6. Well said James! There was a professor like this at my film school... I pretty much just avoided him but I wish I had the balls to change things for everyone else suffering his temper.
  7. Another con is that there is a "green spike" in the color spectrum. I recently shot a short using CFL's in a scene that I wanted to look gritty anyway so I wasn't too concerned about this. The slight green is very subtle, but noticeable when placed in juxtaposition with tungsten, or properly balanced sources. Because of this I would advise implementing some minus green to your CFL light rigs whenever possible.
  8. I know it's not the best quality follow focus, but for only $100 it's done me wonders for the past year... I think they bumped it up to $150 now but still a great deal! Check out the one at indisystem: http://www.indisystem.com/follow-focus/
  9. You're also going to have a bit of exposure difference between black skin and white skin, fortunately he's medium complexion so that helps. Nonetheless, I recommend bringing some reflectors to add some rim-light and fill to your darker subject when needed.
  10. It's not a website, but the book New Cinematographers shows floor plans for some great films along with a very detailed analysis of how they achieved things on set and in pre-pro. I highly recommend it! I am curious if there's a website like that out there, would be cool to browse!
  11. I'm still curious about FloLights myself... I have a litepanel 1x1 which is very nice but I've been curious how they all compare.
  12. Thanks Cody, I actually had never thought about the difference between using openface and fresnel lights with softboxes. Both are definitely power hogs. The first lights I purchased were Arri 650w Fresnels and they're always great for throwing a controlled light from a distance. I've never owned any softboxes, although I wish I did. If I don't have money to rent soft sources I just use one of the many methods to soften my fresnels via diffusion, bounce, silks, etc... I feel that they're pretty versatile lights in that respect. Like everyone's said, there are probably 100 ways to achieve lighting in a given scene, it just depends on your taste as the artist. My tip for you, Marc, is to think about shadows on a scale of 0-10, 0 being pure black and 10 being pure white, and use this full range within your shots. Remember that with any visual art, your most basic tools are the elements and principles of design, such as Line, Shape, Color, Texture, Balance, Contrast, etc... Learn how to use these well and you'll master cinematography.
  13. I've found fresnels to be very useful in most situations. If you're going to start with any lighting gear, I recommend a good fresnel kit with a softbox.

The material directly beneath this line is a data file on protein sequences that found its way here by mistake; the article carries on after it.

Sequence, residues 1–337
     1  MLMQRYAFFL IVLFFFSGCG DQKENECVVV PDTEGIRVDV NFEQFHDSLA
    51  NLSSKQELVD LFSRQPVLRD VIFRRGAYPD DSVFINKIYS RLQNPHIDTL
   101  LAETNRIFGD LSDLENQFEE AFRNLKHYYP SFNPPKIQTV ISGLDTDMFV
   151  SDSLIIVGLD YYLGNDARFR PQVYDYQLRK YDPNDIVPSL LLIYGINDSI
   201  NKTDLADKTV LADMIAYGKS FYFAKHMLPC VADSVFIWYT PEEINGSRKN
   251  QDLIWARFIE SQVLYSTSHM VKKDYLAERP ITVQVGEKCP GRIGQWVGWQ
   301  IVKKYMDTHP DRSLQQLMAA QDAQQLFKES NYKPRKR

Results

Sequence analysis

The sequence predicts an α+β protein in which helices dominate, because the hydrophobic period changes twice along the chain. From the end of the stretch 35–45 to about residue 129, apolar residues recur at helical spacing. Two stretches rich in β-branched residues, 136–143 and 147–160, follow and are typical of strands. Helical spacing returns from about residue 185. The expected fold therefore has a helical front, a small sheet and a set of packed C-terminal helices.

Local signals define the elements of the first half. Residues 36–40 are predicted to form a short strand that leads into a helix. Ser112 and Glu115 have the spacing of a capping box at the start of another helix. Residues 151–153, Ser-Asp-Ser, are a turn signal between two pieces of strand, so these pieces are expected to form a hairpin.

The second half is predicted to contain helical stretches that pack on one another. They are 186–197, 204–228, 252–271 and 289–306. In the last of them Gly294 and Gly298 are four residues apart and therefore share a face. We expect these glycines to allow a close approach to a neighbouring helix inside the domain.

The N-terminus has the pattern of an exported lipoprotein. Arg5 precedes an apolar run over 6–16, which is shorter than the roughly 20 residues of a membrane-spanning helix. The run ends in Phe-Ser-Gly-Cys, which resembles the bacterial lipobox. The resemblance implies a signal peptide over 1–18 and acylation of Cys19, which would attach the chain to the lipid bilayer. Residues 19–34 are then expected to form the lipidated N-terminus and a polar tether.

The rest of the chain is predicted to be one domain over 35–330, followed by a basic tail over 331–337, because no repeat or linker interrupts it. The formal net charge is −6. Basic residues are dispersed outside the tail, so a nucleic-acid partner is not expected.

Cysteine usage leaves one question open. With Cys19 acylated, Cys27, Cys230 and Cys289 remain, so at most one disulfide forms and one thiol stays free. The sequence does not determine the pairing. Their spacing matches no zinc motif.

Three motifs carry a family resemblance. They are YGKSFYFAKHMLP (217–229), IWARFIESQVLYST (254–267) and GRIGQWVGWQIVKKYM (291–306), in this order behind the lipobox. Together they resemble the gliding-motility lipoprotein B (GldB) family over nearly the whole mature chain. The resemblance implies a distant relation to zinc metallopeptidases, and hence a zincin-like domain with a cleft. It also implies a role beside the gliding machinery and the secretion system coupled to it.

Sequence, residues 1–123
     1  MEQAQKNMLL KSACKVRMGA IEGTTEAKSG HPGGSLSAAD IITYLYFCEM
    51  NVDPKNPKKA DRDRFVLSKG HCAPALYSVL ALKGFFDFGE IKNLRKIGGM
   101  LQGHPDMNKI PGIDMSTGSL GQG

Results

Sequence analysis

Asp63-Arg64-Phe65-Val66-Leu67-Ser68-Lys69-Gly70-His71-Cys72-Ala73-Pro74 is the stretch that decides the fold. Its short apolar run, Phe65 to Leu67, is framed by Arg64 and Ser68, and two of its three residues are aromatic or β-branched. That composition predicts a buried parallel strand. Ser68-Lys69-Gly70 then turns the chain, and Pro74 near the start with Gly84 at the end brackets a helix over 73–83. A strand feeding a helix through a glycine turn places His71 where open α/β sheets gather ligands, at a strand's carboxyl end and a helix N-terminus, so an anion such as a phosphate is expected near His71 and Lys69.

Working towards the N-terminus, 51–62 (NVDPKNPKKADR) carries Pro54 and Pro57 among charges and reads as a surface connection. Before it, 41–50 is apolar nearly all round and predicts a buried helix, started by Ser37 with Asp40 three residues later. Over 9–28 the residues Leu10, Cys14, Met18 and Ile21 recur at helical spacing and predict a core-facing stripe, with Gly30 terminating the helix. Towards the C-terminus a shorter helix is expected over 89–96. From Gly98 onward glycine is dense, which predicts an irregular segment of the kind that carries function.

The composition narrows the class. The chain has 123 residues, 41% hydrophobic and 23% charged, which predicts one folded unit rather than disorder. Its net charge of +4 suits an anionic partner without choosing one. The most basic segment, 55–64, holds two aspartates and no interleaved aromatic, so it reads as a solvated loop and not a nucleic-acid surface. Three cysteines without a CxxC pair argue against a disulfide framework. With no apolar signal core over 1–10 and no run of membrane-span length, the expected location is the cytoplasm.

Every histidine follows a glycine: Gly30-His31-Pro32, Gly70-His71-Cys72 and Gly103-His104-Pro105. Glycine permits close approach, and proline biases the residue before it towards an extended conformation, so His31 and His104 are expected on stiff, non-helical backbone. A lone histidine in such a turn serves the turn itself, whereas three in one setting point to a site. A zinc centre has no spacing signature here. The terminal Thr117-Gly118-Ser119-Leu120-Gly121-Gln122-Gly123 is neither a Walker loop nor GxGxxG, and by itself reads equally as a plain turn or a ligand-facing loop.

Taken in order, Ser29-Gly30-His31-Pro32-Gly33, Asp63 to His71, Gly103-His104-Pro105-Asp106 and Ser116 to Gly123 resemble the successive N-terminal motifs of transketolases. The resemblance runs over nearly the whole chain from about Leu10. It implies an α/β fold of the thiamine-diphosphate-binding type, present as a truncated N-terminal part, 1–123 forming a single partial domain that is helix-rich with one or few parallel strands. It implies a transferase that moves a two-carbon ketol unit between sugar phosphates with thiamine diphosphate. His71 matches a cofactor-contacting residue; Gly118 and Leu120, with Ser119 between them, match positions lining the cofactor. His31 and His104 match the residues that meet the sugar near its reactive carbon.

14. No worries, Jared. Sensors only apply to digital cameras. They are essentially the instrument that interprets light into digital information, and your low-light capabilities heavily depend on the sensitivity of this instrument. As there is less light to record, you will introduce more artificial pixels known as "gain". For more information on this, check out the Great Camera Shootout: http://www.zacuto.com/the-great-camera-shootout-2011 Since you're shooting on 16mm film, you don't have a sensor. What matters in your case is your film speed - the speed at which your film exposes light. ISO, in a nutshell, means "film speed". 400 ISO film will be much more sensitive to low light than 200 ISO. If you plan on being a DP for many films in the future, I recommend purchasing the ASC Cinematographer's Manual. It contains charts that you can use to calculate what exposure you need for different film speeds. For now, you can simply look at your light meter. Set your meter to the film speed you're using, and it will tell you what exposure you'll be getting using the lights you have. Try to expose things brighter more than darker with film, especially with lower speeds. The darks tend to fall apart quicker than the lights. You'll be surprised to see that you can bring the highlights down by at least 5 or 6 stops in film. In fact they show this in the Zacuto camera shootout posted above. Good luck! Most importanly: play with these tools, and experiment. That's the entire purpose of these exercises in film school. Nate
  15. Ah, yes that's a challenge. Since smoke is transluscent, it can be lit from either the front or the back, but the absolute most important thing, if you want to see thick smoke, is that the background has to be as dark as possible, and the smoke needs to be lit brightly. This contrast is the only way to really accentuate the smoke, otherwise it will be lost in your background. The problem with lighting it from the front, or other angles, is that there will always be spill onto surfaces behind the smoke, which will kill your contrast. I would try to position your light snug against that wall, aimed down at the smoke, and flag the wall off with some of that blackwrap. Having a gobo-arm would help for this, but possibly you could try and figure out a rig with your c-clamp? If you're working with darker walls, or if you can hang a piece of dark set decoration on that wall, it will help you a lot.